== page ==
I Feel Sorry For Zombies
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Zombies are a tenacious bunch; it takes a lot to kill them. And although guns, baseball bats, and impromptu environmental tools have worked in the past, we’ve taken their annihilation a bit too far this time. At the hands of virtually every form of media known to man, the undead have been beaten so far into the ground that even they won’t be coming back from their graves, and video games have dirtier hands than anyone. Shooters have labeled them nothing more than fodder designed to become bullet piñatas, disasters like The WarZ make them look like a failed recipe entirely, and they’re now the go-to “why not”enemy for anything with a hint of apocalypse.

Zombies were originally a creative addition to horror and survival-oriented games. In this stage, zombies were largely successful, and they were perfect for the role. You were faced with an implacable horde of ravenous humanoids that forced you to confront your human mentality regarding murder and pit it against the need to survive. Friendly faces are just one bite away from becoming a living weapon out to kill you. They’re slow-moving, but their speed will surprise you, they’re an internally producing and potentially all-consuming threat, and their sheer size makes them appear insurmountable. And, best of all, the source of the undead scourge is usually embedded somewhere in a virus or curse that’s just sci-fi enough to scratch our nerdy itch.

Because of all this, we were happy with zombies for a while. But, unsurprisingly, we eventually wanted more out of our undead nightmare. So, the concept of “what a zombie is” was tweaked. Don’t get me wrong, we’ve seen some great renditions; Dead Space’s Necromorphs add a lot to the mix but retain some of the more crucial elements to quality zombies, and Bethesda put some nice spins on the enemies in their Fallout series. But despite the indie successes and fantastic horror reimaginings, zombies are headed downhill quickly.

I’m not talking about creative freedom here; a zombie can be whatever you want, be it a Witch or Boomer from Left 4 Dead, or any number of the monstrosities out of Silent Hill or Resident Evil. Although there is a line between tweaking and bastardizing, this is more a problem of frequency—one that the industry knows all too well.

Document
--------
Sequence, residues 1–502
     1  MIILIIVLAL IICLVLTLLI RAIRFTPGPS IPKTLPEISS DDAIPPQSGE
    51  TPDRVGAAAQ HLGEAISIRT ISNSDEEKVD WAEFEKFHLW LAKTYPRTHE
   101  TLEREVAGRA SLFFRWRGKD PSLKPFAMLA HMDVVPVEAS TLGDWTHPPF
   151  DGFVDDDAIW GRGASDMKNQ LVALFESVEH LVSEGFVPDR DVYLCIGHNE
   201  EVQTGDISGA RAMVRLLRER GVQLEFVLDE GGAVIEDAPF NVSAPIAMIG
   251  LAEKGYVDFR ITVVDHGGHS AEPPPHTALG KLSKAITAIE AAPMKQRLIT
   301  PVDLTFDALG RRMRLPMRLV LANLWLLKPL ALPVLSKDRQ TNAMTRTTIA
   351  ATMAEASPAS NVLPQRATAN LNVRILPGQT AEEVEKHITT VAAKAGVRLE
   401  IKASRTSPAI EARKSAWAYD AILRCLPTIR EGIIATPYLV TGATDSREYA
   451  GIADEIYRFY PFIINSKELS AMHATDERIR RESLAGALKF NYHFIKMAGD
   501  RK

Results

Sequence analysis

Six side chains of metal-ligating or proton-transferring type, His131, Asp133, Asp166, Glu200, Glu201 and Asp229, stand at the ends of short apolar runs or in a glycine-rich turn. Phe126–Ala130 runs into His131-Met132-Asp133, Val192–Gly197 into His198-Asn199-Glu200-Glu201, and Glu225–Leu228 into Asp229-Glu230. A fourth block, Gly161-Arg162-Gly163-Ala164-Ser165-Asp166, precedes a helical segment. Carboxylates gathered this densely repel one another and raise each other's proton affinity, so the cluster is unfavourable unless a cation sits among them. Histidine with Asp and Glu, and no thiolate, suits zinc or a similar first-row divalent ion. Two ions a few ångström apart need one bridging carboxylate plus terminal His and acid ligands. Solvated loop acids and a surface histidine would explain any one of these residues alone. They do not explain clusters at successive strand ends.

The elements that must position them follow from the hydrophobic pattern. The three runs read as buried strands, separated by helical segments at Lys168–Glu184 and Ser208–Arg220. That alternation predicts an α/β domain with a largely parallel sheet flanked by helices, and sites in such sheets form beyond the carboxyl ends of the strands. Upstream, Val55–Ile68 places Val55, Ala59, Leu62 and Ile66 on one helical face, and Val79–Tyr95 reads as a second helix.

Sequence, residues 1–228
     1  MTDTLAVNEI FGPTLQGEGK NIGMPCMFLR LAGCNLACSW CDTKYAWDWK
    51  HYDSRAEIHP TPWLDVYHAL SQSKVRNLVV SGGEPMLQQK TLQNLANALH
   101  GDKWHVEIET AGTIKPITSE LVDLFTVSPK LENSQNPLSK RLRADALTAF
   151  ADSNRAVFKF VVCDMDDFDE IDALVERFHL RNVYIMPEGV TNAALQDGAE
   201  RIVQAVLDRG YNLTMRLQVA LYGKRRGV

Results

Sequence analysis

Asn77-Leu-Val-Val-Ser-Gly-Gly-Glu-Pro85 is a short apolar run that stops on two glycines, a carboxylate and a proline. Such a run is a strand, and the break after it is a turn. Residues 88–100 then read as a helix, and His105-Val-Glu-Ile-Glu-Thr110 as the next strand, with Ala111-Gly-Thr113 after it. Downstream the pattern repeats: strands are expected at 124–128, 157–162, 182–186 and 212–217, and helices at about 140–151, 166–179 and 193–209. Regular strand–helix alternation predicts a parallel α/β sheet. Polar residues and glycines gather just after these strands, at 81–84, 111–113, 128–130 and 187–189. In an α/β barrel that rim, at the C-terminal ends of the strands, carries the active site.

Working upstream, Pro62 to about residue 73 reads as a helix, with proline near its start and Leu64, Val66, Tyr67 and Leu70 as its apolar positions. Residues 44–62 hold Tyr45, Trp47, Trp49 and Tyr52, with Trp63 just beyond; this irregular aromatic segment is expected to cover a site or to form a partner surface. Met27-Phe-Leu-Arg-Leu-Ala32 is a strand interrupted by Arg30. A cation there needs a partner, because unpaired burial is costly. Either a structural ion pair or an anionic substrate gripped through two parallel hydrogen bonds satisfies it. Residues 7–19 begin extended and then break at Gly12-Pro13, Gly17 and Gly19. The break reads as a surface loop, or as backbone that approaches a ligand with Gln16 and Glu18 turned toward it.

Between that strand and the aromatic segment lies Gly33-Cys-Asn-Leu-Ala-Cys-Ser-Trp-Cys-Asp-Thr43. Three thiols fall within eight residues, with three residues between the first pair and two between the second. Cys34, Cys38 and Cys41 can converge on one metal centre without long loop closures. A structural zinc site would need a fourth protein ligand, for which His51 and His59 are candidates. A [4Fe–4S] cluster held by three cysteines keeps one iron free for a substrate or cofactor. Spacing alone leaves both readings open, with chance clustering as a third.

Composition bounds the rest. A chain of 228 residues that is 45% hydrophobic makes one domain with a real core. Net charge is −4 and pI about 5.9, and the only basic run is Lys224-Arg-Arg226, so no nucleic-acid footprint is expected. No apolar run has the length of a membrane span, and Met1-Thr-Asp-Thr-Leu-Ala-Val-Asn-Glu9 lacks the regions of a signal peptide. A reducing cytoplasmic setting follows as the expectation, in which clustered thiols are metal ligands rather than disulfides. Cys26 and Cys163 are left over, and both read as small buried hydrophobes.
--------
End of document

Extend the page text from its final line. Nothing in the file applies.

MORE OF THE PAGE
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Zombies have become the easiest source of filler nowadays. Instead of implementing a new enemy type based on the game’s unique environment or lore, developers just plop zombies into the mix and call it done. Shooters are at the top of this nonsense, with Call of Duty heading the charge with its uninspired hunter multiplayer, but even games like Borderlands went with zombie-based content. The famous Arma II mod, DayZ, soon to be an independent game, chose to add a zombie apocalypse to the open world engine of Arma, and even something as comparably obscure as Minecraft has several mods that do the same. Wanting to play or make a zombie game is one thing, but oversaturating the market with a tired and battered formula is another entirely.

And zombies have just been plain unlucky at times. The train wreck that was The WarZ proved to be one of the worst games in recent years (arguably ever), riddled with technical errors, developer inadequacy, unjustified micro-transactions, and a total lack of product support and gameplay patches. The entire project devolved into a needless fiasco, and zombies just so happen to be at the forefront of that garbage. Sadly, as a result, they’re now frequently branded an unviable idea. At the same time, the film adaptation of Warm Bodies is hell-bent on depicting zombies as humane and emotional creatures that deserve our respect—and simultaneously making most horror fans die a little inside.

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Although we’ve seen that zombies can be an effective element for video games, life as a zombie is pretty damn abysmal right now, and they have my condolences. For once, they need to stay dead. At least until a developer steps up to handle them correctly.

Readers, where do you stand on this issue? Do you agree that zombie games have become generic and overly frequent, or am I just too picky about my undead encounters? What changes, if any, do you think the genre needs to see?

 

 

By
Austin Wood
Freelance Writer
Date: March 12, 2013
 

 

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